FEDERATIONS IN ACTION: Pittsburgh community helps Galillee cycle into the future
August 2010: Most Israelis are in agreement that the Galilee is rich in natural beauty, but when it comes to moving to the area or even investing in it, the enthusiasm seems to wane. While the Galilee and Negev comprise 75% of Israel’s landmass, only 30% of Israel’s population lives in those areas. Lack of job opportunities and poor public transportation has had the effect of turning them into a socio-economic periphery as well as a geographic one.
That’s why the Jewish Federation of Greater Pittsburgh’s involvement in the Karmiel-Misgav area in the Central-Lower Galilee is so vital. Since 1995, Pittsburgh has been partnered with the region as part of the Jewish Agency P2K project and has been engaged in activities related to community building, regional development and youth.
According to Marcie Lang, Jewish Federation of Greater Pittsburgh representative and JFNA community representative, one of the major challenges facing the region is trying to stop the exodus of young people. “It’s a great place to raise kids, but once young people finish their army service and come back from their trip abroad, they often move to the center of the country.”
Lang said that there are signs that this trend may slowly reverse itself. She notes that the train from Acre to Karmiel should be complete by 2012, making it easier to commute to places of employment and education.
Currently, though, the partnership is working to accentuate the area’s many positive sides. The Galilee is well-known to tourists as a center for 'slow tourism' - cute bed-and-breakfasts and pleasant nature trails.
The "P2K Trail,” where visitors can hike or bike at will, is one of the projects operated by the partnership with the objective of strengthening the Karmiel-Misgav region from a tourism and demographic standpoint as well as allowing the Pittsburgh Jewish community to play an important role in the region's advancement.
According to Linda Simon and Skip Grinberg, Chairs of Partnership 2000 for the Jewish Federation of Greater Pittsburgh: "The Partnership studied the needs and created the dream, vision and practical process which led to the development of the P2K Bike trail. On behalf of Pittsburgh, this is a dream fulfilled and we're very excited to see the plans for use of the trail."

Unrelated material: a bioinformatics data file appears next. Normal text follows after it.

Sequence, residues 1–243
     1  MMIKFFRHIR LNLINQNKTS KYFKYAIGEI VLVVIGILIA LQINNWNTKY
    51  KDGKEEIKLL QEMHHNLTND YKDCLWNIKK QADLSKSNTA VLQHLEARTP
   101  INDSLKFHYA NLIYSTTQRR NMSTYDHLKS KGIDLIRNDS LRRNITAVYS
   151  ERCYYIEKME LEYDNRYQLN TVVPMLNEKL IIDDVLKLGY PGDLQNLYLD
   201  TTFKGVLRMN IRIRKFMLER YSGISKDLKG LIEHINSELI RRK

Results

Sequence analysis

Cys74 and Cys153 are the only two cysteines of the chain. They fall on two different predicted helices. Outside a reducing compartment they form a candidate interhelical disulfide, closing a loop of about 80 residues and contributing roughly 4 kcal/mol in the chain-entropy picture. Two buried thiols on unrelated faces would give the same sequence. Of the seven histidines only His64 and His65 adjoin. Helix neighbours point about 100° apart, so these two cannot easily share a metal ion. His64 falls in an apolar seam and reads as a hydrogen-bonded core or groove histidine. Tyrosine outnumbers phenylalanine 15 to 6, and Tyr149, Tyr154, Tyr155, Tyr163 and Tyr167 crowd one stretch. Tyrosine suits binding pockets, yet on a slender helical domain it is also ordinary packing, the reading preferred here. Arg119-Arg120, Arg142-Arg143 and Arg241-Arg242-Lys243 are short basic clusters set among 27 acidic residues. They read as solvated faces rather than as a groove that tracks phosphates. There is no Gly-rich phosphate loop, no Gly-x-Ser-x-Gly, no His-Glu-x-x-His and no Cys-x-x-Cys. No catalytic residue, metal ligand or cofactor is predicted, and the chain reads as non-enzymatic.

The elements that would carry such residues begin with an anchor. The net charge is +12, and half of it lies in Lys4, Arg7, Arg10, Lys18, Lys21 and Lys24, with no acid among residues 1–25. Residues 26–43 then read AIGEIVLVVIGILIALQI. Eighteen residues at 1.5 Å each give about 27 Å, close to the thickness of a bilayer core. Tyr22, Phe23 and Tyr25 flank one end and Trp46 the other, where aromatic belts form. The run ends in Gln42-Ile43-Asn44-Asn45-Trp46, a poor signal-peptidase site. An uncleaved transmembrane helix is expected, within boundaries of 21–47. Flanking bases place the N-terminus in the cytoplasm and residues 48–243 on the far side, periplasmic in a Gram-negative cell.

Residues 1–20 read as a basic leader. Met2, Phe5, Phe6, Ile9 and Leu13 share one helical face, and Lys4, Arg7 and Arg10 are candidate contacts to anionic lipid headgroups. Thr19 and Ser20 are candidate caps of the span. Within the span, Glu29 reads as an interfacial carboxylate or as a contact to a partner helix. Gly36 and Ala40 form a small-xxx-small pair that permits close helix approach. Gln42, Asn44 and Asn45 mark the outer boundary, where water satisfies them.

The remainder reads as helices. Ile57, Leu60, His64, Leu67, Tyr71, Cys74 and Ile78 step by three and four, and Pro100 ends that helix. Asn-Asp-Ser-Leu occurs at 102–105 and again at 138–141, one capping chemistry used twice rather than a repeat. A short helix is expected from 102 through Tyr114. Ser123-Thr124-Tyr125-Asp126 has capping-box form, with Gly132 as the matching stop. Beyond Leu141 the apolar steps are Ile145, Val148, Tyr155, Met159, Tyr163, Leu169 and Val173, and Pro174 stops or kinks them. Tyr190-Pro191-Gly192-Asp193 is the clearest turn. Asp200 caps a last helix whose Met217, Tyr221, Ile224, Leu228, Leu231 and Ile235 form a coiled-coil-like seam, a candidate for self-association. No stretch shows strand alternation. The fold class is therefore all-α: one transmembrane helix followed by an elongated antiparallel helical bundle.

The full trail stretches from Karmiel, the urban center of the region with a variety of pleasantly shaded corners and parks, to Misgav, composed of 35 residential communities and villages, of which six are Bedouin villages and the remaining 29 are Jewish communities. A trip along the trail affords visitors a real survey of the area.
There are a number of access and exit points, allowing visitors to choose their own way through, taking into account the degree of difficulty of a specific path and the time they have available. Future projects in the planning are the amenities: bike rentals, riding instruction, on-trail meals and nearby accommodation. One place to stay is the Aluteva guesthouse which on weekdays caters to families that include a special needs family member, while on the weekend it opens its doors to the general public. Guests enjoy the atmosphere and simultaneously contribute to a worthy cause.
Besides for working to support the trail, the Pittsburgh Jewish community has already actively enjoyed the developments in the area. Last year, Karmiel-Misgav residents joined the partnership’s steering committee and community lay leaders on a group cycle through the trail.
But this is just the beginning, Lang is quick to say. The partnership has other tourist attractions in the works such as a “sound park;” a biker’s hostel with communal kitchens, bike maintenance and a swimming pool for travelers on a budget; and expanded visitor areas for the two rock quarries in the region, seen as attractive natural resources.
“Hopefully, this will create a snowball effect," Lang says. “More people will come to enjoy the area and need more hotels and guest accommodations, as well as restaurants. The minute you have something that attracts people year round, the economy is on the increase.”
For comments and questions on this article, write to Suzanne Selengut